The only other time I’ve travelled to a significantly southern place in the middle of winter was when the first time I went to Bangladesh, but it makes a little more emotional sense when it’s halfway around the world, and everything else is different, too. Also, I didn’t have as much life experience with being cold at that point. Anyone who knows me, or anyone who doesn’t know me but has read blog posts such as those on Maine and upstate New York, will know that I spend 85% of my life being cold, and cold is consequently my primary adversary in life. I also spend about 0.023% of my life being actually hot, and so Florida’s trade-off of having really quite sticky summers seems like a perfectly decent price to pay for this lack of misery.

N.B. People who are frequently hot and consequently despise being hot are always telling me that being cold is better than being hot because you can always put more clothes on, whereas you cannot always take more clothes off. They do not understand. I am aware that this is probably true for them, but in the winter, it is physically impossible for me to put on enough clothes to be actually warm. This is not for a lack of trying, because I wear, on average, six or seven layers to go out of doors. That is not a hyperbolic number. I may be a freak, but that doesn’t make my perpetual coldness any less a fact.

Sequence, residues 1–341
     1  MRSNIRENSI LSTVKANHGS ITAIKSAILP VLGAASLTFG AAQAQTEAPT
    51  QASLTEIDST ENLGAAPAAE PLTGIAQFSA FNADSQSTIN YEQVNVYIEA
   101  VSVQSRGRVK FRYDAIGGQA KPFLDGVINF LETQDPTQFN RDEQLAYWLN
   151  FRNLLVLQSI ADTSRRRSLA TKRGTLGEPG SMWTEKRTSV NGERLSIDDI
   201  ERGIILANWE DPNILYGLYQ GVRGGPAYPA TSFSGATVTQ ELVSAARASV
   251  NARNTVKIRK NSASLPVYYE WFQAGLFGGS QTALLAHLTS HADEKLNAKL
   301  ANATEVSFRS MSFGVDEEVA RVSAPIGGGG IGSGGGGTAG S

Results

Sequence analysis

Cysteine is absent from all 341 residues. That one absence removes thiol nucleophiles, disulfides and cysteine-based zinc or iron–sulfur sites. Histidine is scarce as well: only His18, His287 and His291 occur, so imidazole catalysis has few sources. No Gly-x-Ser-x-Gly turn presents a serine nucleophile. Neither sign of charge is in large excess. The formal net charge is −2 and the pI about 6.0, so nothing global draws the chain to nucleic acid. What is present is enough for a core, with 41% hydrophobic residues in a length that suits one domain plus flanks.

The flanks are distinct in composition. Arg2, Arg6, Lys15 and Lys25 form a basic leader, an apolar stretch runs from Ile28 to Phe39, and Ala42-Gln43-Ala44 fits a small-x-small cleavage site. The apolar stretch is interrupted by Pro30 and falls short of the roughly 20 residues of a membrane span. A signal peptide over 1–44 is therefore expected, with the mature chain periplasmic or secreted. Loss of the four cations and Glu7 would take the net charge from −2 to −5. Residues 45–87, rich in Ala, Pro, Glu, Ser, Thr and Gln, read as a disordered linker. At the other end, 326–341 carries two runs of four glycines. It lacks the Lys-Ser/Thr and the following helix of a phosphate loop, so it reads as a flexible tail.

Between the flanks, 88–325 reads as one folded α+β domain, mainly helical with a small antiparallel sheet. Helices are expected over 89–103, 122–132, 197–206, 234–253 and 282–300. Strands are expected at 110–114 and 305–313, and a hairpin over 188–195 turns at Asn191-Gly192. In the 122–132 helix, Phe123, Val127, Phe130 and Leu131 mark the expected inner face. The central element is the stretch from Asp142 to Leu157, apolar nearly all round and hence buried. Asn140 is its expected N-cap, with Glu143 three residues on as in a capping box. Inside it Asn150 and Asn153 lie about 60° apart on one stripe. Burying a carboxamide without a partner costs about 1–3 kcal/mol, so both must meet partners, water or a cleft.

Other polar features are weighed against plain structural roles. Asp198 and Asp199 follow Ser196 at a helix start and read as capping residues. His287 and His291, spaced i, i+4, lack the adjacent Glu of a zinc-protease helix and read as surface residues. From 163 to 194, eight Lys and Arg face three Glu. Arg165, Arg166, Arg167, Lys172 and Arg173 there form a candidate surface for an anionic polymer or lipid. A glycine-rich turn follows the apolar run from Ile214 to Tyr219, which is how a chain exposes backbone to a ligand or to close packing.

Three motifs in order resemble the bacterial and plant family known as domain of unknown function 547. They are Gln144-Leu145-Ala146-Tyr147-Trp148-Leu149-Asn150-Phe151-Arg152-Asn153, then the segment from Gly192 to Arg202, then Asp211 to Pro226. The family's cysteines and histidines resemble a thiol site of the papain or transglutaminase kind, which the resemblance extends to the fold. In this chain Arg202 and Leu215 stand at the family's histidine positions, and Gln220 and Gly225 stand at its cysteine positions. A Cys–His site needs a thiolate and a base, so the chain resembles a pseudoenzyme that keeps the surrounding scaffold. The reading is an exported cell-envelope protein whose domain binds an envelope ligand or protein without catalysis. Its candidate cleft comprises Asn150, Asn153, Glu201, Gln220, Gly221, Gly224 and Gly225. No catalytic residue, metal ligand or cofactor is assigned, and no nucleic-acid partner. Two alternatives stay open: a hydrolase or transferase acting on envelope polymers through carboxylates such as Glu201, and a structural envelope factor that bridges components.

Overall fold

Apropos of me being a freak, somewhere around one-half to three-quarters of the cast got sunburns on our first full day in Sarasota, and most have gotten some kind of colour since then. I avoided this, for the most part, by wearing SPF 50, as I do every day of my life. Now I appear even more white, by contrast, than I usually do. As I walked into a CVS in Islamorada (our subsequent stop), the nice woman at the counter said, “Now, I know you’re not from around here because you’re too white.” Thank you, Irish ancestry.

We performed in a large room with a constructed stage and chairs set up in a nice thrust, similar to the set-up we had in Orville and in Canton. The stage, and particularly the stairs attached to it, were a bit rickety; I noticed this most when I was lying on the ground as the dead version of the Boy in Henry V, and the ground shook like mad when Henry and his retinue came in for “I was not angry since I came to France.” It was both impressive and probably the most fun that I’ve had as a dead person, as usually the most exciting thing that happens is that I might get accidentally spit upon by Chris Seiler and his excellent diction.